Russia ‘s foreign policy needs new resources. The formation of the soft military-political alliance with China within the Shanghai Cooperation Organization was crucial. An economic and somewhat political alliance with Turkey could become another important resource. This alliance would help to strengthen Moscow ‘s foreign policy potential. Turkey today may be the most underestimated country in international politics. But think about the stock market: you need to buy stocks while they are undervalued. And if we should offer such an alliance to Turkey —many people would immediately think twice and start looking at Turkey with different eyes.

How we can be friends

We will start with economics. Turkey can be invited to join the Economic Union with Russia, Belarus and Kazakhstan—presumably on the basis of Customs Union under construction. The economic structures of Russia and Turkey are not in competition with each other; rather, they are complementary. Russia has what Turkey does not: energy and other natural resources, sophisticated scientific schools, basic high-technology industries (nuclear and aerospace engineering, a military-industrial complex) and an advanced educational system. Turkey has what the Russian economy lacks: transit areas; a surplus labor force; and strong mid-sized businesses in such areas as construction, marketing, light industry and tourism.

And both Russian and Turkish businesses operate narrowly within their own economies. They need a large market. The EU market will be increasingly closed to them. The initiation of Turkey’s accession into the Customs Union will create bright opportunities for Turkey’s economy, strengthen the secular foundations of its national identity and, among other things, enhance its negotiating position with the EU and the United States. It will force everyone to recognize that Turkey is an important player in international politics. For now, I do not think the Turkish elites are ready for an alliance with Russia ; they are still in the grip of inertia. But when the previous policy failed, the country entered an acute crisis due to a struggle between two factions: Erdogan’s conventionally pro-Western Islamists and the secular, increasingly anti-Western military. But even the pro-Western Erdogan (incidentally, Turks call him the Turkish Putin) surprised everyone when he supported Russia in August 2008 rather than the United States and Georgia .

Typically, Erdogan’s opponents, the Turkish military, are also turning more openly away from the United States and looking towards Russia . And Russia needs to offer a specific alternative to Turkey, which is looking for new friends — Customs Union and a strategic political partnership. A geopolitical breakthrough. Turkey’s accession to the Customs Union can dramatically enhance the positions of other countries. For example, Turkey can be followed by Azerbaijan , which is establishing partner relations with both Turkey and Russia .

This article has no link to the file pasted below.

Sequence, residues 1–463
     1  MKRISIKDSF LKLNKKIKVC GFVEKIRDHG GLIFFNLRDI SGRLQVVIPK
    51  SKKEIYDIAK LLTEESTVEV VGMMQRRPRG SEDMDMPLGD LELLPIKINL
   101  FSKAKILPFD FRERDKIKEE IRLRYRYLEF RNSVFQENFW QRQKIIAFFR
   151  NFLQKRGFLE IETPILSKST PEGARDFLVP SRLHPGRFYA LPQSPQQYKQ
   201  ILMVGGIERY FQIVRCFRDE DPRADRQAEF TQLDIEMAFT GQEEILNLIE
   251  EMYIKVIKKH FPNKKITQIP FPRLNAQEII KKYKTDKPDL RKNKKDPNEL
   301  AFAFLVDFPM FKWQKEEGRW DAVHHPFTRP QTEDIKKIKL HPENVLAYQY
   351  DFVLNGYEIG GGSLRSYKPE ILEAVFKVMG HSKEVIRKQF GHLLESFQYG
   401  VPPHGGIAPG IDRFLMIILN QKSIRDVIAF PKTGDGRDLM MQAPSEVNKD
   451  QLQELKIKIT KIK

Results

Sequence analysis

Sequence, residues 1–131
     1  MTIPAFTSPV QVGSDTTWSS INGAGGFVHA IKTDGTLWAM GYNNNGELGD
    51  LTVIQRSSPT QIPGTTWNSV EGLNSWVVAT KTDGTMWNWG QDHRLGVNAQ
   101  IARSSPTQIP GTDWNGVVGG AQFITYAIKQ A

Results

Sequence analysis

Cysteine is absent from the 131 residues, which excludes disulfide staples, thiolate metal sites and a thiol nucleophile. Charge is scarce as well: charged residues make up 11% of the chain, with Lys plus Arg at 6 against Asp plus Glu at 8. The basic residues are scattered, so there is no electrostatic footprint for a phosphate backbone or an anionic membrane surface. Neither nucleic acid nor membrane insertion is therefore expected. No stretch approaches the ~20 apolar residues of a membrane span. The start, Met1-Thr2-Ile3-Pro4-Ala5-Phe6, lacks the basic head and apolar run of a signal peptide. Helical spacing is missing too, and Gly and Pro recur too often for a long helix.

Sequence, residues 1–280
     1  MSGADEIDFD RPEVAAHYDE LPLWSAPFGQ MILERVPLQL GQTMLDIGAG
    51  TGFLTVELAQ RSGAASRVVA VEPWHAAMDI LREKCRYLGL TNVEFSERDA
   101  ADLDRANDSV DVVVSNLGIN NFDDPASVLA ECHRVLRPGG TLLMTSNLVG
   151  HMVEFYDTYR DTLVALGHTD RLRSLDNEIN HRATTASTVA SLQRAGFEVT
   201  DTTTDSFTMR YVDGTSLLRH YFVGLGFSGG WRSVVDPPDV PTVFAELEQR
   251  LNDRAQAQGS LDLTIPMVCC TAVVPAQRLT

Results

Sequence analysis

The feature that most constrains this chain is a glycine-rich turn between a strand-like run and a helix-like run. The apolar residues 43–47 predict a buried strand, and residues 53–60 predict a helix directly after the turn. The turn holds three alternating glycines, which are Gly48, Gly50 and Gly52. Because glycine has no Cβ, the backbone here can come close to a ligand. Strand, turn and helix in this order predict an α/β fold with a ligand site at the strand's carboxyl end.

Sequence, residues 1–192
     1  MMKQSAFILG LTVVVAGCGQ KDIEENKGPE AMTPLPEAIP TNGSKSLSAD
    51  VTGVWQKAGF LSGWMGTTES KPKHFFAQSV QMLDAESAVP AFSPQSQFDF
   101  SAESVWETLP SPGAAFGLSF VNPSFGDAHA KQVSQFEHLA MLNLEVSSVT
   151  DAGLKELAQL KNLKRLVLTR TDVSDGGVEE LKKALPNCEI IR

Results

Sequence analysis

The Customs Union is natural economic coalition of countries in accordance with three criteria: they lie east of the European Union; they have no chance in the foreseeable future of becoming members of the European Union; and they are oriented towards maximum cooperation with the European Union. Accordingly, the Customs Union must not become a polar opposite of the EU, but rather the East European analogue of the European Union after 30-40 years. The basic principles of the Customs Union must be compatible with the EU’s principles; they must aim for maximum cooperation with the EU without membership; membership is a political impossibility. They must strive for relations with the EU under the Putin-Prodi formula: everything in common except organizational structures.

A political partnership could develop along with the economic alliance. It could be built, for example, around the South Caucasus peace platform that Turkey has proposed. It could include not only Georgia, Azerbaijan and Armenia, but Russia, Turkey and Iran, as well. And at the same time, it could exclude from Caucasian affairs external forces like the United States that destabilize the Caucasus .

To achieve all these goals we need to create a positive program for strategic cooperation. This program could be developed by a public coalition of businessmen working between Russia and Turkey , and politicians and experts who support improved relations between Russia and Turkey . This new alliance could become a reflection of the new Russian foreign policy and the new geopolitical situation in the world. And these instruments are already being developed.